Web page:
This is as ownership of a good entails the owner to have power over access to its exclusive use and the ability to freely pass ownership to another agent. Therefore to block the existence of such a market would unfairly limit the freedom of an individual who wishes to exercise ownership powers (assuming individuals are the rightful owners of their own bodies) and therefore weigh unfairly against individuals who have a preference for the existence of a kidney market. This shows that upholding these rights is important when considering the effective freedom available to all individuals and values their autonomy in respect to their desired preferences.
A negative externality is a cost faced by a third party agent due to an economic transaction. In this case the increased participation of individuals willing to supply a kidney in exchange for a monetary gain would dilute the value that society places on the contribution that altruistic behaviour makes in society (an altruist believes in selfless behaviour and incorporates the welfare of others positively as a function of their own utility).
This is as preventing the exclusivity of having only altruistic donors for a certain organ, would cause society to perceive a downward bias on the true positive effect created by altruistic behaviour. This occurs due to the distortion created by the large benefits of having a market for kidneys, which clouds the true value of virtuous selfless behaviour that drives the supply of altruistic donations.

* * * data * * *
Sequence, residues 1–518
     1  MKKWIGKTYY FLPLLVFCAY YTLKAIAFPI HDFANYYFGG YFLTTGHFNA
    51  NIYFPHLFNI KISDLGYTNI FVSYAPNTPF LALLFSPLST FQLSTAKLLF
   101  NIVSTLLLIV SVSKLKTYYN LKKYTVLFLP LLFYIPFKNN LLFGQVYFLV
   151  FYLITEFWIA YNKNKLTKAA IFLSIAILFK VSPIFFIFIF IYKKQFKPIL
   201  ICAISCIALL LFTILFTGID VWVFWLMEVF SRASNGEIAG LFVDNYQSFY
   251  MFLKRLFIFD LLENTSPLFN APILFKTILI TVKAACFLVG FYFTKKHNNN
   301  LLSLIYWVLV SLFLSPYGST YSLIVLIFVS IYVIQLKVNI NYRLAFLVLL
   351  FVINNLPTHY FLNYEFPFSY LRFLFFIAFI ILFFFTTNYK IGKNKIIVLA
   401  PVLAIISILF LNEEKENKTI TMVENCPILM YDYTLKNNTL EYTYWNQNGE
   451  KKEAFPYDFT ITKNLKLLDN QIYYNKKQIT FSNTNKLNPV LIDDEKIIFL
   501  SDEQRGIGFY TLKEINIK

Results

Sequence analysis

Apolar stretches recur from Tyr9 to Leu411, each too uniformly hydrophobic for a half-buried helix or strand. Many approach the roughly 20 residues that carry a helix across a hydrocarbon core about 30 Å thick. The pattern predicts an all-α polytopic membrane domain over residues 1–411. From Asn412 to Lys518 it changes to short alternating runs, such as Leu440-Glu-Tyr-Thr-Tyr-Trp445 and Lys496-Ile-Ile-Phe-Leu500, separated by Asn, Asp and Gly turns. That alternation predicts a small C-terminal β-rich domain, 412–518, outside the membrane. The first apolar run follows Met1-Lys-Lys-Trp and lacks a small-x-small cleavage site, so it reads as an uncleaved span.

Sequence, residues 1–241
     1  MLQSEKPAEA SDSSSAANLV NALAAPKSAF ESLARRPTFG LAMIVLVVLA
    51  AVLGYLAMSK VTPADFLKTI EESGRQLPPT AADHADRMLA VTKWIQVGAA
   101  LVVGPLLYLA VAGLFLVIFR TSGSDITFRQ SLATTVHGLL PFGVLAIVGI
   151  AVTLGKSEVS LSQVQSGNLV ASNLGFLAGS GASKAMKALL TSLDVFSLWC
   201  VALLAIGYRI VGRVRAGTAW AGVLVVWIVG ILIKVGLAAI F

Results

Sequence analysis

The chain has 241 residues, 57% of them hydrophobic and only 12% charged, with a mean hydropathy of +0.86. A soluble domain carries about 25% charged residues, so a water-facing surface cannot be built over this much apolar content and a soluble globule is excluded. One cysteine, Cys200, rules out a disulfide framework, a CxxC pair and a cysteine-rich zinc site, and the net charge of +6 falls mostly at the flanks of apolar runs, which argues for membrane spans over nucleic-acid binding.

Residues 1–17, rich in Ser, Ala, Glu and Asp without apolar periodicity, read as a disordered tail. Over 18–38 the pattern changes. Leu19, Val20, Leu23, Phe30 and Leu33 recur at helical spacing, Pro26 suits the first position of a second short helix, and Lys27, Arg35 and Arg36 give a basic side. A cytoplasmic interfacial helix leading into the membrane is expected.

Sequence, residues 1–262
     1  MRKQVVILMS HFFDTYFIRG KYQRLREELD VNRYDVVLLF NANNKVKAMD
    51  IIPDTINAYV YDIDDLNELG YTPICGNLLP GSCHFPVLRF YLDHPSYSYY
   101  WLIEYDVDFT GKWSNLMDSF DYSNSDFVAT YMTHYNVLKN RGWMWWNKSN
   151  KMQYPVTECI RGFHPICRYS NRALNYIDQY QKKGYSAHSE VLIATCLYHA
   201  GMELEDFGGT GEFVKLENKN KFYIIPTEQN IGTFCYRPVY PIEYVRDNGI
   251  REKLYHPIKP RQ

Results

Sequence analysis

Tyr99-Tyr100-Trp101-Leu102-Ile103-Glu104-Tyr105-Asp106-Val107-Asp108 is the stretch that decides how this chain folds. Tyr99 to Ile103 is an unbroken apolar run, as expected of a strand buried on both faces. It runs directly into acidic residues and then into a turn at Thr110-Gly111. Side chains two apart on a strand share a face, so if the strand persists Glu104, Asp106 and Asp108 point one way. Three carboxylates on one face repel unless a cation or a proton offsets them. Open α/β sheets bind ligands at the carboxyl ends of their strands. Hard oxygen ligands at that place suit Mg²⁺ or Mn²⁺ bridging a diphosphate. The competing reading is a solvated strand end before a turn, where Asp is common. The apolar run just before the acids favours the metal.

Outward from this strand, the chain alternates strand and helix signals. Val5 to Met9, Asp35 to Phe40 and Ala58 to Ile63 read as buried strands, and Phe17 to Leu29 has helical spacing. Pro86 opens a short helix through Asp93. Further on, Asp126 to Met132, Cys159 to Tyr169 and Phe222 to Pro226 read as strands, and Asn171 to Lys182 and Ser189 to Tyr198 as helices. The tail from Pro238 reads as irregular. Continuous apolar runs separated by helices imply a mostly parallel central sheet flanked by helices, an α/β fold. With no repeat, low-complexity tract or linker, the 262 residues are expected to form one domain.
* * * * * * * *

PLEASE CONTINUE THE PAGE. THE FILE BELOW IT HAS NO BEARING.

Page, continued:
This would therefore cause a decrease in the number of altruistically driven donations for the organ market in general. This is as individuals that participate in altruistic behaviour take into the consideration the value that other agents place on such behaviour. This is in order to decide whether acting altruistically would not only satisfy their altruistic preference but also bear an increase in satisfying other personal preferences that are not altruistically related. Such as the way others view them as virtuous and vital additions to the benefit of society.